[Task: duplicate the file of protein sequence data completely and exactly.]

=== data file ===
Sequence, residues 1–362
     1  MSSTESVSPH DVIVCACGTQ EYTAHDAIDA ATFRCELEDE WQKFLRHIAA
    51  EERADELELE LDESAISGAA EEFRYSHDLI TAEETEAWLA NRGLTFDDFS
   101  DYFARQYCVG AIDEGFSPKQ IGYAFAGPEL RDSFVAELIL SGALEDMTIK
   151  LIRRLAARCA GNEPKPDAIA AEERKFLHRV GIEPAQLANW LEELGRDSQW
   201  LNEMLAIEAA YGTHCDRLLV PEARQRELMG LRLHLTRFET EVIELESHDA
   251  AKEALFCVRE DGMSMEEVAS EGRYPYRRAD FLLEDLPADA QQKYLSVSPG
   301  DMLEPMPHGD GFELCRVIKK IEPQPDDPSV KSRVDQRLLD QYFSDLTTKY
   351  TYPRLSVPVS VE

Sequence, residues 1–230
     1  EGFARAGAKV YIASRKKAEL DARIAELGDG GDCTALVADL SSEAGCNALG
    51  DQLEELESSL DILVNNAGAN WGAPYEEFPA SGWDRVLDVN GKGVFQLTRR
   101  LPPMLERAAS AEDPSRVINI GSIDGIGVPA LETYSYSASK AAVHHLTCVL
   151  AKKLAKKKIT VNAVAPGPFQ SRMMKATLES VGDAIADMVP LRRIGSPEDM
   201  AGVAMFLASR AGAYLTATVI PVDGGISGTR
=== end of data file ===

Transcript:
Sequence, residues 1–362
     1  MSSTESVSPH DVIVCACGTQ EYTAHDAIDA ATFRCELEDE WQKFLRHIAA
    51  EERADELELE LDESAISGAA EEFRYSHDLI TAEETEAWLA NRGLTFDDFS
   101  DYFARQYCVG AIDEGFSPKQ IGYAFAGPEL RDSFVAELIL SGALEDMTIK
   151  LIRRLAARCA GNEPKPDAIA AEERKFLHRV GIEPAQLANW LEELGRDSQW
   201  LNEMLAIEAA YGTHCDRLLV PEARQRELMG LRLHLTRFET EVIELESHDA
   251  AKEALFCVRE DGMSMEEVAS EGRYPYRRAD FLLEDLPADA QQKYLSVSPG
   301  DMLEPMPHGD GFELCRVIKK IEPQPDDPSV KSRVDQRLLD QYFSDLTTKY
   351  TYPRLSVPVS VE

Sequence, residues 1–230
     1  EGFARAGAKV YIASRKKAEL DARIAELGDG GDCTALVADL SSEAGCNALG
    51  DQLEELESSL DILVNNAGAN WGAPYEEFPA SGWDRVLDVN GKGVFQLTRR
   101  LPPMLERAAS AEDPSRVINI GSIDGIGVPA LETYSYSASK AAVHHLTCVL
   151  AKKLAKKKIT VNAVAPGPFQ SRMMKATLES VGDAIADMVP LRRIGSPEDM
   201  AGVAMFLASR AGAYLTATVI PVDGGISGTR